Firefighter Battled Mesothelioma As Bravely as He Fought House Fires

Massachusetts firefighter Mike Urban went to the doctor last July complaining of wheezing, thinking that he might have developed asthma. A lab tech noticed something on the initial chest x-ray and a doctor ordered a CT scan of the chest. A followup ultrasound showed fluid in Urban’s chest which suggested the possibility of an infection […]

Massachusetts firefighter Mike Urban went to the doctor last July complaining of wheezing, thinking that he might have developed asthma. A lab tech noticed something on the initial chest x-ray and a doctor ordered a CT scan of the chest. A followup ultrasound showed fluid in Urban’s chest which suggested the possibility of an infection or tumor.

Within a month, Urban, 57, a relatively healthy outsdoorsman who’d never had health problems, was diagnosed with mesothelioma, an incurable cancer of the lining of the lung caused by asbestos exposure.

Urban’s family doesn’t know exactly how he was exposed to asbestos. According to the National Cancer Institute, firefighters are among the workers most at risk of exposure to asbestos, which was used as insulation and in building materials for much of the 20th century.

In April 2009, the U.S. Fire Administration and National Institute of Occupational Safety and Health announced a national study to examine the potential increased risk of cancers including mesothelioma among firefighters. By studying health data of 18,000 firefighters, the researchers will try to determine whether firefighters as a group develop more cancers and whether the cancers are associated with exposures to contaminants to which firefighters are exposed in the line of duty.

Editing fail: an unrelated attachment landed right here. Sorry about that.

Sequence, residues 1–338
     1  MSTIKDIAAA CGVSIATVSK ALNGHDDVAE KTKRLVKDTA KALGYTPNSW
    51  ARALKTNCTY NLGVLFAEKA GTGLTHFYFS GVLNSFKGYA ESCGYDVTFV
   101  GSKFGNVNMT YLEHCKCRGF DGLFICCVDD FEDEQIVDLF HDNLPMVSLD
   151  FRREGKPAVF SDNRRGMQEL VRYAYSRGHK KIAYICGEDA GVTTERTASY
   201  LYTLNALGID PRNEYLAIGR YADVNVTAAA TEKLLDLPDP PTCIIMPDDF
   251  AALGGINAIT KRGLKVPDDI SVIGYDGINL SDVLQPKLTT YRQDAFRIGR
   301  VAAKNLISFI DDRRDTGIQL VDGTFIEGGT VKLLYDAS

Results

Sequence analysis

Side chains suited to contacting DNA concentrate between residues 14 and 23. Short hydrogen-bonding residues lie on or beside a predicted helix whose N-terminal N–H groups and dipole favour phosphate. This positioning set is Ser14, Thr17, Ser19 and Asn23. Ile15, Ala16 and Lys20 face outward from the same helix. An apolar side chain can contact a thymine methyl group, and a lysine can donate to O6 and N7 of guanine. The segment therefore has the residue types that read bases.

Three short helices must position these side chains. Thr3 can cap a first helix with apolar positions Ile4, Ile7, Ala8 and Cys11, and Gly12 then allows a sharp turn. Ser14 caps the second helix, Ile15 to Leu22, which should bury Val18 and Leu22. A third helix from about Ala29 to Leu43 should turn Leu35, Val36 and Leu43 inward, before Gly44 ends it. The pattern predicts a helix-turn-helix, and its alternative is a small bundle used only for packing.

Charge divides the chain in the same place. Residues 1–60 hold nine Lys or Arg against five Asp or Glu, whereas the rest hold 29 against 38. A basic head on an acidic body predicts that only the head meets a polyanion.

Whenever the fire alarm sounded, Urban was first firefighter out the door of Fire Station No. 2 in Framingham, Mass., according to the MetroWest Daily News newspaper. He was a brave firefighter who didn’t like to give up the nozzle, one who liked to stay in the fight. Urban was devoted family man who talked about his daughters and a passionate outsdoorman who was happiest in a tree stand. He took pleasure in cooking wild turkey pot pie and venison stroganoff for his fellow firefighters. His fellow firefighters teased Urban about being an “old man” at aged 57 and raved about his good cooking.

Just as he battled fires, Urban was determined to fight mesothelioma. Urban underwent radical mesothelioma surgery in September to try to slow the advance of the aggressive asbestos-related cancer. Dr. David Sugarbaker, a renowned mesothelioma specialist at Brigham & Women’s Hospital in Boston, removed Urban’s right lung, the pleura or lining of the lung, diaphragm, lymph nodes and visible tumors. The inside of Urban’s chest also received a chemical bath in chemotherapy drugs, a technique pioneered by Dr. Sugarbaker to help eradicate undetected mesothelioma cells.

Urban hoped to recover. After the surgery, he had one lung, but tried to walk to regain his strength. He continued to have shortness of breath and a deep painful cough. He realized the shortness of breath wasn’t normal. By December, he had a build up of fluid on his remaining lung. On January 4, doctors informed Urban and his family that the mesothelioma had spread into his bones and there was nothing more they could do to treat him, according to a blog kept by his wife, Maureen.

Urban died Jan. 7. Last week, black bunting hung on all the fire stations in Framingham, Massachusetts as his fellow firefighters grieved the loss of one of their own. Mesothelioma, a cancer associated with asbestos exposure, takes the lives of 2,500 to 3,000 Americans each year. Many people exposed to asbestos develop symptoms decades after the initial exposure to asbestos.

Source: Fireman Remembered

 

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